Peritoneopericardial diaphragmatic hernia is the most common congenital pericardial disease in dogs and cats. It results from abnormal development of the dorsolateral septum transversum or from failure of the lateral pleuroperitoneal folds and the ventromedial pars sternalis to unite. The result is herniation of abdominal viscera into the pericardial sac. Liver is most commonly herniated, followed by small intestine, spleen, and stomach. Clinical signs are highly variable, with many patients remaining asymptomatic and the defect being discovered on a necropsy examination. Thoracic radiographs can demonstrate small intestinal loops or liver crossing the diaphragm into the pericardial sac. A contrast radiographic examination using oral barium may also identify small intestinal loops or stomach in the pericardial sac. The diagnosis can be made by the findings of abdominal viscera in the pericardial sac on echocardiography as well. Patients with vomiting, signs of hepatic encephalopathy, or other adverse conditions resulting from PPDH should have a surgical reduction of the hernia.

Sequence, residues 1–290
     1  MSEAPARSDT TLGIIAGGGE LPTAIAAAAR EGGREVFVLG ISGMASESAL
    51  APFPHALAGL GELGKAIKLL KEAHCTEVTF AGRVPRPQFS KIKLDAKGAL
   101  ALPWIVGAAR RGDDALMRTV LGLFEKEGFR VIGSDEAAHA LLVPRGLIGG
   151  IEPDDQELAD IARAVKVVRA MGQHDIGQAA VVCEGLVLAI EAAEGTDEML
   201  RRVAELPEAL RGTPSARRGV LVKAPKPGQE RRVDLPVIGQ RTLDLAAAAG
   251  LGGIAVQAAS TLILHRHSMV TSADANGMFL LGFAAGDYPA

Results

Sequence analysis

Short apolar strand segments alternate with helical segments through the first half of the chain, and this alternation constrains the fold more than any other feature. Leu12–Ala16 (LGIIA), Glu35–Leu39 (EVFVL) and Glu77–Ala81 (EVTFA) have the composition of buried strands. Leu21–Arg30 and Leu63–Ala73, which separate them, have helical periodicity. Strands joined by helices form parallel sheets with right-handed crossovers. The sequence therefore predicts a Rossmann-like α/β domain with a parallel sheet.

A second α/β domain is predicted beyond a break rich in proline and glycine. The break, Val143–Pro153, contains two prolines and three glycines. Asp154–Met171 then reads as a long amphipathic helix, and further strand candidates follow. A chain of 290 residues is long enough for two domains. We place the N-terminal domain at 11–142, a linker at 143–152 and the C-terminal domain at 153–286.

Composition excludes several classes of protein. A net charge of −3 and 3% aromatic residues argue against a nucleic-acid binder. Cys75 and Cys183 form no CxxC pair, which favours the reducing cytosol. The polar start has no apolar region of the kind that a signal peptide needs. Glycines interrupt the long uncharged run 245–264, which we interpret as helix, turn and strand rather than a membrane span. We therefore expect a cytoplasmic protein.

Last full review/revision April 2012 by Davin Borde, DVM, DACVIM